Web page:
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The COVID-19 Outbreak Weakens U.S. State And Local Government Credit Conditions


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The COVID-19 Outbreak Weakens U.S. State And Local Government Credit Conditions

The COVID-19 pandemic and the consequential global economic recession will affect U.S. state and local governments to varying degrees. During this period of pronounced economic volatility, S&P Global Ratings recognizes the public health crisis across the country and the strain on state governments coordinating a response across all levels of government. As economic forecasts change, implementation of federal relief efforts emerge, and other information becomes available, we will continually evaluate our U.S. state portfolio for potential credit implications. On April 1, S&P Global Ratings revised its sector outlook to negative for all U.S. public finance sectors, reflecting in part the precipitous decline in economic conditions to end the quarter, which is anticipated to continue at least through the second quarter. (See "All U.S. Public Finance Sector Outlooks Are Now Negative," published on April 1, 2020 on Ratings Direct).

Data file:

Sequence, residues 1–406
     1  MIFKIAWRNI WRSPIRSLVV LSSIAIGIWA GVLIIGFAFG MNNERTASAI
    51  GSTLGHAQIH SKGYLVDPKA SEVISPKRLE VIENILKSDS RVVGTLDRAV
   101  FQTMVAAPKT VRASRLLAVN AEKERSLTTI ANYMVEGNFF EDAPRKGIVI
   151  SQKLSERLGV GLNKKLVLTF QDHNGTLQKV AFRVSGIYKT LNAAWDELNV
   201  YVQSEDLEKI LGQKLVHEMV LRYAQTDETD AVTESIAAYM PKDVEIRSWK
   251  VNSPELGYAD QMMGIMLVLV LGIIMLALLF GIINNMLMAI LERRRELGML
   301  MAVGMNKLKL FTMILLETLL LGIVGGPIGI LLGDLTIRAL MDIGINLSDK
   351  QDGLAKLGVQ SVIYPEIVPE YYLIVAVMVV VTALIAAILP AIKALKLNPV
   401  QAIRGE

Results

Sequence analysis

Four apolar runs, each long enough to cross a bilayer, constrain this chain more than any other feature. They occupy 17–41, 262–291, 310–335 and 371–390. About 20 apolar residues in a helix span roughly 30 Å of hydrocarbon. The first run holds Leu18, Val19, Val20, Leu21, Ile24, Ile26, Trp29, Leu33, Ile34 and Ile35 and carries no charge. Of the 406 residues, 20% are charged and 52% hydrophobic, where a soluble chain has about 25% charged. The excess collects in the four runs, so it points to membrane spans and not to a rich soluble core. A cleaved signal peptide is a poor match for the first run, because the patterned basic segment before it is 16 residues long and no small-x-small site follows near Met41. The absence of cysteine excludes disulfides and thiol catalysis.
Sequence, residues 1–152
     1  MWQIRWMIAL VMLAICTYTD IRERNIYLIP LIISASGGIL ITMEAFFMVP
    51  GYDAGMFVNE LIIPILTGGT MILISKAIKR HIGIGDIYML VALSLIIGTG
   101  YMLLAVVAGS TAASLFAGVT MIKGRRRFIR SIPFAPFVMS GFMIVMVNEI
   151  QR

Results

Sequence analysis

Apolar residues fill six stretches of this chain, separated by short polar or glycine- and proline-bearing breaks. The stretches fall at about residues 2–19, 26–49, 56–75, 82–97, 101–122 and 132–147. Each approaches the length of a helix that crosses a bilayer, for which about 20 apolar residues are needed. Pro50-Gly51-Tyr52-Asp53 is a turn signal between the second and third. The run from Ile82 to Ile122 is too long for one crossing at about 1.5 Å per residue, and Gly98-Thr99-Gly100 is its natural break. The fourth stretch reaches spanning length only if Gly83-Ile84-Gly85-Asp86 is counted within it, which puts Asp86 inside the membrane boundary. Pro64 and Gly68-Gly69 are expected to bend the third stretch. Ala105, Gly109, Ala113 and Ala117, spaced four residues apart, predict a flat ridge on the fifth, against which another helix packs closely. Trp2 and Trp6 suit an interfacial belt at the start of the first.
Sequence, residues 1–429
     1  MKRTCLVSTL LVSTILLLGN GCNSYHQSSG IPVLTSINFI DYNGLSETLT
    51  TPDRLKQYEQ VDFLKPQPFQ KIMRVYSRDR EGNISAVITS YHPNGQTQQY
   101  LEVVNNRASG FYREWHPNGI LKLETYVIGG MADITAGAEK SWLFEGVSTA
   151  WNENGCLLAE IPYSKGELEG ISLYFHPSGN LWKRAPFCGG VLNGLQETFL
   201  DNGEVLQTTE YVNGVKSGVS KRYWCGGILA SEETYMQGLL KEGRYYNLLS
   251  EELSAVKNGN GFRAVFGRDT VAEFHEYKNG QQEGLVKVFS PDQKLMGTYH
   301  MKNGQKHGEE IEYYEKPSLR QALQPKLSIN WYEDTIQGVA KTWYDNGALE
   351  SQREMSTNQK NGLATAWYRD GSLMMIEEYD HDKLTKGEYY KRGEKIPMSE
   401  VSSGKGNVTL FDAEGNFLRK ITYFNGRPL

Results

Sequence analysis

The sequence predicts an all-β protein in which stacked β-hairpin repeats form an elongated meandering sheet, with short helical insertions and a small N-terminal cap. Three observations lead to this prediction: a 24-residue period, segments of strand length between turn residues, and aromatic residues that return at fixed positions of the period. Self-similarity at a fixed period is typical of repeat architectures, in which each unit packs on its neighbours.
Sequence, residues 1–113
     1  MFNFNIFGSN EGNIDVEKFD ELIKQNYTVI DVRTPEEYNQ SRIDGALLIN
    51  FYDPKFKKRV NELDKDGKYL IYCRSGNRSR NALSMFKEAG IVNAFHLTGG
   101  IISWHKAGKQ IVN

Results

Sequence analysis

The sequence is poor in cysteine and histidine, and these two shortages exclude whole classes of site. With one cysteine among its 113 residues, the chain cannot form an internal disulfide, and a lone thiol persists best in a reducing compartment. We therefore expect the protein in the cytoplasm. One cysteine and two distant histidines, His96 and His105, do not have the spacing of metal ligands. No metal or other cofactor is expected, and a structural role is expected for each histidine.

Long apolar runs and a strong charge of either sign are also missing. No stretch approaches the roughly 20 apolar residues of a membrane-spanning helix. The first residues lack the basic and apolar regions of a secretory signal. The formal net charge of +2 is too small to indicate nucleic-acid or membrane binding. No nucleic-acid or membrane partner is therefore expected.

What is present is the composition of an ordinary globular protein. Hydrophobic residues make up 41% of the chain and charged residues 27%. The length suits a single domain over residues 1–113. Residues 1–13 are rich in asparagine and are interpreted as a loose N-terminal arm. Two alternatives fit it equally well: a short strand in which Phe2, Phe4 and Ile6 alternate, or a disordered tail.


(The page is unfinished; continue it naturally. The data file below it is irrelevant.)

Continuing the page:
As the pace of the COVID-19 outbreak accelerates across the country, governments continue to work to help contain its effects on the public's health and mitigate the social and economic toll that continues to rise, in some instances, at alarming rates. A distinguishing characteristic of the COVID-19-induced recession is that efforts to contain its spread have resulted in a sharp decline in economic activity. S&P Global Economics economists now forecast that the resulting economic toll will be extensive, but will occur in a shorter time relative to the Great Recession. Their most recent year-on-year U.S. second-quarter GDP estimates suggest a contraction of at least 12.7% (See "Economic Research: It’s Game Over For The Record U.S. Run; The Timing of A Restart Remains Uncertain," published on March 27, 2020 on RatingsDirect). The current policy responses have an immediate effect on U.S. state and local governments' operating environment.